About our work

Surrounded by many objects and creatures, you choose, reach out, and manipulate some of them. You do so habitually to carry out routine work or deliberately with a new goal in mind. Probably unbeknownst to you, these complex behaviors are guided by a simple behavior called saccadic eye movement by which the line of sight is shifted quickly from one object to another. Our goal of research is to understand the neuronal mechanisms that control the saccadic eye movement. It has been demonstrated that the saccadic eye movement is controlled by hierarchically organized neuronal networks. The different levels of the networks carry different signals, from the brainstem networks carrying reflexive signals to the prefrontal cortical networks carrying cognitive signals. How can these parallel networks be controlled? Our research has shown that there are inhibitory gating mechanisms in different areas in the brain which are capable of selectively allowing or nullifying the outputs of individual networks. A remarkable area among them is the basal ganglia which are equipped with powerful inhibitory and disinhibitory mechanisms. How then do the inhibitory-disinhibitory mechanisms work? What controls the mechanisms? We believe that answering these questions is crucial for understanding how the brain has evolved to achieve such complex tasks.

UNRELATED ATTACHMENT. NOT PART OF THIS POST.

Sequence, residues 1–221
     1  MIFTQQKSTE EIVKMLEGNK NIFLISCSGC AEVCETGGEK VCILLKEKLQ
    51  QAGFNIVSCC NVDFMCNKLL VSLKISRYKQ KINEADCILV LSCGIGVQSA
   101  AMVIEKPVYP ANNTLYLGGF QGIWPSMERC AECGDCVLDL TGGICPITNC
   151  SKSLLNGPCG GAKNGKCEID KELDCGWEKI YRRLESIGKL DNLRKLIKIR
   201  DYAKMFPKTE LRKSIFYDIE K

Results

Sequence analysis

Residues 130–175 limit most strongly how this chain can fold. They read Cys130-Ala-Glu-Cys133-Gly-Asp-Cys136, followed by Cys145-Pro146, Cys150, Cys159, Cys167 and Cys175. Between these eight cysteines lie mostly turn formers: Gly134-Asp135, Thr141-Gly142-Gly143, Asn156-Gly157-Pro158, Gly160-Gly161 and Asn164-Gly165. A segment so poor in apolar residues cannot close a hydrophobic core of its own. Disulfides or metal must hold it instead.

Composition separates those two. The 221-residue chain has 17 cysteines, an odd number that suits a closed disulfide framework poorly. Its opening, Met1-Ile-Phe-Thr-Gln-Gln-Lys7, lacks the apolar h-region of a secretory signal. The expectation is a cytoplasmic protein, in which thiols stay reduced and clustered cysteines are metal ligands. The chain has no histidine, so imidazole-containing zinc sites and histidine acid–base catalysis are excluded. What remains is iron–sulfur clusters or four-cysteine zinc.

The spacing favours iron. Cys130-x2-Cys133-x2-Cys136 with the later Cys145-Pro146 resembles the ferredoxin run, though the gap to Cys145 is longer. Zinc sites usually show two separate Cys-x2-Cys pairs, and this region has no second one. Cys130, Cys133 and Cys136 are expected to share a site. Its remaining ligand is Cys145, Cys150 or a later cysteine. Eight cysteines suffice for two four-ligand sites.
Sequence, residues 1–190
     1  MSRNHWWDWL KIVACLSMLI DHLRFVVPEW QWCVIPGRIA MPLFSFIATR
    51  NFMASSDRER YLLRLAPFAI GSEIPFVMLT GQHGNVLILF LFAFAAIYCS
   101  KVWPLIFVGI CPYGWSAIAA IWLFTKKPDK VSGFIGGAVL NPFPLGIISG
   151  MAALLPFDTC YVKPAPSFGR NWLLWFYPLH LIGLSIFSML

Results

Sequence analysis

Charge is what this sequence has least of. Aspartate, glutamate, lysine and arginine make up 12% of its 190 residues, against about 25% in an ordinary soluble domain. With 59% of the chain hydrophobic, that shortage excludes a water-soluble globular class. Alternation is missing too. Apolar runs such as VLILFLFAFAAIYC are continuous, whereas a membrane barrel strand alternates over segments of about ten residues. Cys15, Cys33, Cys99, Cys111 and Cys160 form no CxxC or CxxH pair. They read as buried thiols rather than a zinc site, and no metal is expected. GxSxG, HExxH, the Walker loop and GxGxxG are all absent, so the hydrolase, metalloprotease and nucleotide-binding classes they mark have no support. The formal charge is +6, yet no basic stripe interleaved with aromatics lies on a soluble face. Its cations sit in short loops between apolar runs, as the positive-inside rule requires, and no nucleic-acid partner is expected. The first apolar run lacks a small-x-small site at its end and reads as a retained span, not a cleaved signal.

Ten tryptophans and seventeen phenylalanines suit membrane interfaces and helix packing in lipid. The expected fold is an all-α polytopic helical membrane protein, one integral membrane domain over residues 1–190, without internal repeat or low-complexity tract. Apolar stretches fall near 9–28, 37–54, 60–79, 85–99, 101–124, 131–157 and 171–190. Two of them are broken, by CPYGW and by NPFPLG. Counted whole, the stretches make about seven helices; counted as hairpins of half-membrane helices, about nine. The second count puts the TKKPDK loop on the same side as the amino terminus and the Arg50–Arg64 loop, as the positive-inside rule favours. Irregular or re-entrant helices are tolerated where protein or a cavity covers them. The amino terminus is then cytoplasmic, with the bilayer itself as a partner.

Neuronal Networks Section key staff

Key staff table
Name Title Email Phone
Okihide Hikosaka, M.D., Ph.D. NIH Distinguished Investigator oh@lsr.nei.nih.gov 301-496-9375

News from this lab

How the Brain Learns That Earmuffs Are Not Valuable at the Beach

January 19, 2021

A new study from the University of Tsukuba in Japan and the NEI reveals how the brain learns to place different values on objects depending on the environmental context.
Last updated: July 24, 2019